Consumers absolutely love the iPad. Music, videos, documents and eBooks are all wrapped up in a sleek and very attractive package. However, can the iPad cross over into business territory or should organizations stick to using Netbooks while on the go?
- Portability: The sleek, all in one design is ideal for travelers. Instead of having to balance a keyboard and screen (which is difficult to do when the person sitting in front of you insists on reclining their chair all the way back), the iPad is one screen. Oh and did I mention the iPad weighs 1.5 pounds?
- The iPad also doubles as an eReader, ideal for reviewing business reports, dissertations, and white papers, as well as newspapers and magazines.
- Battery Life: The iPad has a 10 hour battery capacity – which outshines most Netbooks, which cap out at about 8 hours.
- Surpasses Smartphones: The iPad allows users to have the portability and power of a standard Smartphone, but with a much larger workspace. Ever try to send a company wide email on a Blackberry? Your thumbs will appreciate the iPad’s virtual keyboard.
- Built in 3G – eliminates the need to be in a Wi-Fi hotspot, which means it is always connected.
- Lack of a USB Port: Easy access to a USB port is ideal for transferring large files (i.e. content heavy presentations or videos) via a flash drive. Users can purchase a “dongle” adapter that converts the iPad sync port into a USB port or upload files via a Cloud such as Dropbox, MobileMe, or Gmail.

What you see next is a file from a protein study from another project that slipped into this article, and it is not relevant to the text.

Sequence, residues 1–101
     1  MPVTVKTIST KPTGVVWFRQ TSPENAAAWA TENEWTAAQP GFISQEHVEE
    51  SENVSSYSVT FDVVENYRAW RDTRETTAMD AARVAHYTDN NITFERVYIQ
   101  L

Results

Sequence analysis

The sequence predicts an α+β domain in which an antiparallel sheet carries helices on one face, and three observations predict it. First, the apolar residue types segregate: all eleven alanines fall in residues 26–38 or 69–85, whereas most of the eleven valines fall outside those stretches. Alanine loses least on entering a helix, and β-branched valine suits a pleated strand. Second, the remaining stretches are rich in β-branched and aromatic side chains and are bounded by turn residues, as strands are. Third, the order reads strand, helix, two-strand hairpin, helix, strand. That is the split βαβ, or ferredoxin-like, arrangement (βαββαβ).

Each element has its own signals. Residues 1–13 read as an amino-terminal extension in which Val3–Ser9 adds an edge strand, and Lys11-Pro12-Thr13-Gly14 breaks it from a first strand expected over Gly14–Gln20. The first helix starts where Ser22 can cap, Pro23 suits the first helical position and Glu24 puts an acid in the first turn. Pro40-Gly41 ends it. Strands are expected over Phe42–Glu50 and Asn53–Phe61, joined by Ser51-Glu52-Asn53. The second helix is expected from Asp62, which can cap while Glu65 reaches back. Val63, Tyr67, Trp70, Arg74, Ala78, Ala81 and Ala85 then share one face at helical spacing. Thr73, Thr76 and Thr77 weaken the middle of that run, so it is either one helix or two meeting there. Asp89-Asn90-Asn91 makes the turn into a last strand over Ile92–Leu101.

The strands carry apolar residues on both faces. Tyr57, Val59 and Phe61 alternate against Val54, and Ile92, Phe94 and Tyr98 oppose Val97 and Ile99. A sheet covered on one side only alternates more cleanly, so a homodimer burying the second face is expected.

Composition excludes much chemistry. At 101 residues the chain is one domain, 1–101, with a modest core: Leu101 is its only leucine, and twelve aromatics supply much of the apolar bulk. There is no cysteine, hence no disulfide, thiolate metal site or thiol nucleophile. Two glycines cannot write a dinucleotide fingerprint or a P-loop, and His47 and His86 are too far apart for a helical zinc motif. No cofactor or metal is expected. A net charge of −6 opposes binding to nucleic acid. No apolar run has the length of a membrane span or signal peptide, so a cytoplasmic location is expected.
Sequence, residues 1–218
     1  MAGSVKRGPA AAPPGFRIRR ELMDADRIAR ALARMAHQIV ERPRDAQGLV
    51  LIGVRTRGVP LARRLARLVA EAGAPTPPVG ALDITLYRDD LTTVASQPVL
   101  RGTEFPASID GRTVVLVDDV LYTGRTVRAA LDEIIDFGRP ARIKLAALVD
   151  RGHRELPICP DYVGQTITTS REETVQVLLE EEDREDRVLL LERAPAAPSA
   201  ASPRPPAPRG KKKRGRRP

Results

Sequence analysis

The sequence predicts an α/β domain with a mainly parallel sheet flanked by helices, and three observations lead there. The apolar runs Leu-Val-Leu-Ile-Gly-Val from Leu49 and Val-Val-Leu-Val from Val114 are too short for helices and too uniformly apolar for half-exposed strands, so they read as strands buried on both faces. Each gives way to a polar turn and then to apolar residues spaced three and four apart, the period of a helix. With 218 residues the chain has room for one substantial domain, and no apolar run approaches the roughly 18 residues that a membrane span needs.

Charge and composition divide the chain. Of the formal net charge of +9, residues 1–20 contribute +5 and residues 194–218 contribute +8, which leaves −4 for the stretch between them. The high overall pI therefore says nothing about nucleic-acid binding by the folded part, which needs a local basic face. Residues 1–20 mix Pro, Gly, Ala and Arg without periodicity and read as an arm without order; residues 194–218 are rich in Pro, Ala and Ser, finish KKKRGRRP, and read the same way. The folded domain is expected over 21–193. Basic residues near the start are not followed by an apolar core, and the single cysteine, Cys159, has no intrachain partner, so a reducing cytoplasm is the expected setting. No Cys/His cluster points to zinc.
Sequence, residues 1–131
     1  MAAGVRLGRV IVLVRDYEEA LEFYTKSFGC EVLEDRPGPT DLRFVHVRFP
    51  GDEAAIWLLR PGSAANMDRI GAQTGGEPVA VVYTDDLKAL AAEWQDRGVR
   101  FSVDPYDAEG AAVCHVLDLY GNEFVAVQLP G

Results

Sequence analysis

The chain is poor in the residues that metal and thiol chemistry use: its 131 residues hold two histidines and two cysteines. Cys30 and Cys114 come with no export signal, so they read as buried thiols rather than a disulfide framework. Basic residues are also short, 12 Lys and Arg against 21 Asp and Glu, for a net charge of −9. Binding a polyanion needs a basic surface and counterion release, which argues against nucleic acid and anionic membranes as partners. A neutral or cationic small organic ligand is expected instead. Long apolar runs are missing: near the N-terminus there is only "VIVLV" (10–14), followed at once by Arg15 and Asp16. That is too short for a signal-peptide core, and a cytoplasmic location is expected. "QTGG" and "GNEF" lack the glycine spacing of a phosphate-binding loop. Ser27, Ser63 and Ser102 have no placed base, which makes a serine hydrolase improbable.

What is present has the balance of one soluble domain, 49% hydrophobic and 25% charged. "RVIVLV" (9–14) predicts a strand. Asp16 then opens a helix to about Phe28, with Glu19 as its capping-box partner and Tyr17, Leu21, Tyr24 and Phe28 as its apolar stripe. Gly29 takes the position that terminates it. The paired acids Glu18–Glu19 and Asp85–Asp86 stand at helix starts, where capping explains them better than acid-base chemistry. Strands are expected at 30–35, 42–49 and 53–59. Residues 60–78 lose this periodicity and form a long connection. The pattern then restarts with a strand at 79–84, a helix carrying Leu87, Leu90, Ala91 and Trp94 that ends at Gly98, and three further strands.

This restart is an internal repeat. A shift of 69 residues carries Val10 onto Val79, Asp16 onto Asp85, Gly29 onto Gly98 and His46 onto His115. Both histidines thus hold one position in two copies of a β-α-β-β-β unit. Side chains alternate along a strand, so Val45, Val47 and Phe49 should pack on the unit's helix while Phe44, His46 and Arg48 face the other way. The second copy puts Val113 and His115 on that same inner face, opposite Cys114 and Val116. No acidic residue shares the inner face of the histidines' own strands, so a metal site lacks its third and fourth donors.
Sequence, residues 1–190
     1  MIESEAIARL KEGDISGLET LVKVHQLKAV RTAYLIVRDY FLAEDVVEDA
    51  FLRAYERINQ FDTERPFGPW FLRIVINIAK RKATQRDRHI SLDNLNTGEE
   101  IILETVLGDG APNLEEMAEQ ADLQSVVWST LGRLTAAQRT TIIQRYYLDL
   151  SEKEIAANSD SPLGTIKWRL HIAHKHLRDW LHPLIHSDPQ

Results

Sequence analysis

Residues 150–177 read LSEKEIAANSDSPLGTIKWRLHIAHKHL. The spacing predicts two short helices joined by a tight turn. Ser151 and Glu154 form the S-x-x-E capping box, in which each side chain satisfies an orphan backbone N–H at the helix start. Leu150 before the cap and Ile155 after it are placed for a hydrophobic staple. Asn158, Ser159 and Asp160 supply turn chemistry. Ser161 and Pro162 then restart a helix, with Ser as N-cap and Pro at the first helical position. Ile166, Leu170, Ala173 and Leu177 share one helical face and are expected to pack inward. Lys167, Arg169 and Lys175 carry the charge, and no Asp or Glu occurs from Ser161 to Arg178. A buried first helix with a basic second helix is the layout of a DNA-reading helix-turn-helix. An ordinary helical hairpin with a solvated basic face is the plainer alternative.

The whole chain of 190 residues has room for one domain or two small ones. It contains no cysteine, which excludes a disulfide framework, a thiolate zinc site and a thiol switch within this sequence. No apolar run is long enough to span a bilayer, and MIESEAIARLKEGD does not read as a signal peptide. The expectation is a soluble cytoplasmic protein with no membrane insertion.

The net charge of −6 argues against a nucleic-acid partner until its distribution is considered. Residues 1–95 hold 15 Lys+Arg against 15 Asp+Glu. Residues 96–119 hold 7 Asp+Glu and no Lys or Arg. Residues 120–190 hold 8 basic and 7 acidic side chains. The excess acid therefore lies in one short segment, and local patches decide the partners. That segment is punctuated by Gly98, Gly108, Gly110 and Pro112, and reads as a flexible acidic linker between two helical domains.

- Lack of Integrated Video Camera: Some tout the iPad as being an oversized iPhone. Unfortunately, the iPad lacks in the telecommunications department. There is no integrated video camera that could allow for video conferencing with co-workers while telecommuting or traveling.
- Capacity and Power: The entry level iPad comes with 16gb of internal storage and a 1ghz processor. Many Netbooks come with at least 1.6ghz of power and have variable hard drive sizes that range from16 to 160 gb of storage.
- Cost: Savvy shoppers can purchase a Netbook between $200 -$300. The lowest priced iPad costs $499.
The Bottom Line
It all depends on what your organization is looking for. If a large percentage of your employees travel or telecommute, iPads may in fact be the tool of choice as portability and convenience are some of the major attributes of Apple’s latest creation. However, if your organization doesn’t host applications or files in the Cloud where users are normally tethered to their desktop, it may be better to skip the iPad and rather rely on Smartphones or other devices for quick email updates when on the go.